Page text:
This isn’t just a salute to Stanley Tucci. It’s a toast.
When I found out the actor was trending on Twitter the other day, I assumed the worst. Then I discovered he had posted an Instagram video — doing nothing more than walk through the basics of making a Negroni — that had gone viral. I watched it, and even before it finished I understood.
Most of the reaction and commentary I’ve read on this video so far has been gushing, fawning and in some cases almost frenzied in its lust for Tucci, who until now would hardly have been considered heart throb material.
Perhaps the most in-depth take came from Max Benwell in The Guardian, who attributes the clip’s popularity to a number of physical and societal factors. Tucci’s arms look buff for his age, for example. He speaks in dulcet tones that suggest a relaxed intimacy.
Stanley Tucci has done more than make a great cocktail. He is literally showing all of us, particularly men, how to make the best of a bad situation.
And of course, the ongoing lockdown has made almost any distraction, particularly an alcohol-related one, welcome.
Look at the video a second time, however, and you begin to realize Stanley Tucci has done more than make a great cocktail. He is literally showing all of us, particularly men, how to make the best of a bad situation.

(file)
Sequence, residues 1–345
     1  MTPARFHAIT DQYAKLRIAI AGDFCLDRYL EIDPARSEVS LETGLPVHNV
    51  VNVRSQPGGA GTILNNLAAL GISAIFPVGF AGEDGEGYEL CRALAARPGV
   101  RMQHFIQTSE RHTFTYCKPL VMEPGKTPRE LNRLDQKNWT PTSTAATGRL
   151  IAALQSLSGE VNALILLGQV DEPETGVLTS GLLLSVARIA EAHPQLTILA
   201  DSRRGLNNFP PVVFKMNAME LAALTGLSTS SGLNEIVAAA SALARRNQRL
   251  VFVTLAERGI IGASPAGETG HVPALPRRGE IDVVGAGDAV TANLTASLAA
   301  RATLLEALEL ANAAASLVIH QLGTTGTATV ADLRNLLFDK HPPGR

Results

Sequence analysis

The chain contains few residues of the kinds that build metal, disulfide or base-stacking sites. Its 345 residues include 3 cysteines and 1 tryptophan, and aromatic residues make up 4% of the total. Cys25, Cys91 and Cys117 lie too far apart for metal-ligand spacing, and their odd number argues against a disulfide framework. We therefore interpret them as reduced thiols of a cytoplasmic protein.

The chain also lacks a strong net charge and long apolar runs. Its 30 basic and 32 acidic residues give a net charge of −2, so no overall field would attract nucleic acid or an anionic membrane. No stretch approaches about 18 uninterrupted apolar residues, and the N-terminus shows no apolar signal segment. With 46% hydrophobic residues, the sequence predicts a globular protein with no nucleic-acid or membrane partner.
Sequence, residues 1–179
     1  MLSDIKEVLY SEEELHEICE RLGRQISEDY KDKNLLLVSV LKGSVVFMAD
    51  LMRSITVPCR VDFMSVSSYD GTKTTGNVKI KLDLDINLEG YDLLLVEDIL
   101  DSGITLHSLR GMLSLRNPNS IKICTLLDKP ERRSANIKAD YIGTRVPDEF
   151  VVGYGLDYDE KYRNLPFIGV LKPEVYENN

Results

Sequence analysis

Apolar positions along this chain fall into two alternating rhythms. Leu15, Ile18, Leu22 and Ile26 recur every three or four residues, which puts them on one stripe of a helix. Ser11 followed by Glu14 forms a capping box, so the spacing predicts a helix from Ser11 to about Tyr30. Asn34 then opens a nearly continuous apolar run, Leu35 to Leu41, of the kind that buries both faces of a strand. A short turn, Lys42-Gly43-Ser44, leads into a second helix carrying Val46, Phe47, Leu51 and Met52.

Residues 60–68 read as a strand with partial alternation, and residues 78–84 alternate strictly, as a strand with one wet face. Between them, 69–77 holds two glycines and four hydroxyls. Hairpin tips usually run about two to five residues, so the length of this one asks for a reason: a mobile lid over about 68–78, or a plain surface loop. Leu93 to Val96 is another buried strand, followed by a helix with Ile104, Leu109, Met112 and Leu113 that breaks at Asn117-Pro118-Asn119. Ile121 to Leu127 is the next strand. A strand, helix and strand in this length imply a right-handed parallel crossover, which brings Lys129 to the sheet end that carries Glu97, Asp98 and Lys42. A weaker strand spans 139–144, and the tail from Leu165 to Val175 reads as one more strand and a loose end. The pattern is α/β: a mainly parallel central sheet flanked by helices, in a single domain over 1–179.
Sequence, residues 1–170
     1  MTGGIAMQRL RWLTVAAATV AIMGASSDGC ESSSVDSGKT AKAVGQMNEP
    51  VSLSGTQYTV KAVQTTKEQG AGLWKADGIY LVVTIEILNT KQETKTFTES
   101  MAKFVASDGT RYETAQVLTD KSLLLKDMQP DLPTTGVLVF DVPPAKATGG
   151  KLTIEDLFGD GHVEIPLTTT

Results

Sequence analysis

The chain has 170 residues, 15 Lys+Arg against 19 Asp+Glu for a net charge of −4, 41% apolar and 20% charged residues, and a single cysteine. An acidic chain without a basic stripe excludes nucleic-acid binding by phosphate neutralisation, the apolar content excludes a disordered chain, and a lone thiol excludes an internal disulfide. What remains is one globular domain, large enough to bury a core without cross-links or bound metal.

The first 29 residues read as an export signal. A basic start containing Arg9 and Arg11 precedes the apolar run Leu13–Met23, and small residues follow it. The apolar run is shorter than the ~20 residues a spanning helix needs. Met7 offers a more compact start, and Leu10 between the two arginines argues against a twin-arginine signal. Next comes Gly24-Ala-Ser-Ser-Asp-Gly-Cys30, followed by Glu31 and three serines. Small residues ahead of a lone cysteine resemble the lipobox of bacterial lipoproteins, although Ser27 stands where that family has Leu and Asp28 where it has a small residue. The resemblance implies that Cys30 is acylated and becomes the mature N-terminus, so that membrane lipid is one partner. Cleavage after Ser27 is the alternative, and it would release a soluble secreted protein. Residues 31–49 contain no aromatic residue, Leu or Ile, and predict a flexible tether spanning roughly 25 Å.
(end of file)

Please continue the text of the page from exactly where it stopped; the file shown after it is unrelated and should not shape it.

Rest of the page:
Tucci’s style has always been one based on minimalistic elegance — he has spoken of his fondness for white dress shirts and basic black — but his consistency feels reassuring in a world where so much else is uncertain.
Where most of us have been hiding under bulky layers, his close, crisp fit shows an effort, while simultaneously seeming more comfortable than the softest sweats.
This Was The ‘When Men Were Men’ Throwback We Needed
Listen: In the background there’s some kind of jazz playing. It appears to be evening and he’s setting a mood. He seems to be done for the day, but ready to entertain the woman he loves, not simply collapse on a couch next to her.
There’s such a throwback nature to the whole scene that could be straight out of an episode of Mad Men, if Don Draper hadn’t turned out to be a philandering husband. Frank Sinatra’s ghost could walk into the shot and it would seem like the most natural thing in the world.
At no point — as we look at him from the perspective of his wife — does it seem like we’re expected to be taking notes on how to make a Negroni. Nor does he seem to care if we’re going to remember anything but the taste of the drink afterwards.
What he does is take a simple, everyday task and invite us to notice it in such a way that the pandemic and all its worries are momentarily forgotten.
Instead pouring yet another glass of red wine to wash out the exhaustion of quarantine, the care and attention to detail in Tucci’s mixology moment reminds us why happy hour was intended to be an exercise in pleasure.
We’re probably all going to be asked to stay home a lot longer than we’d like. You can seethe, complain and get drunk. Or you could try, even in isolation, to be great company.
Here’s to you, Stanley Tucci. I think we’d all like another.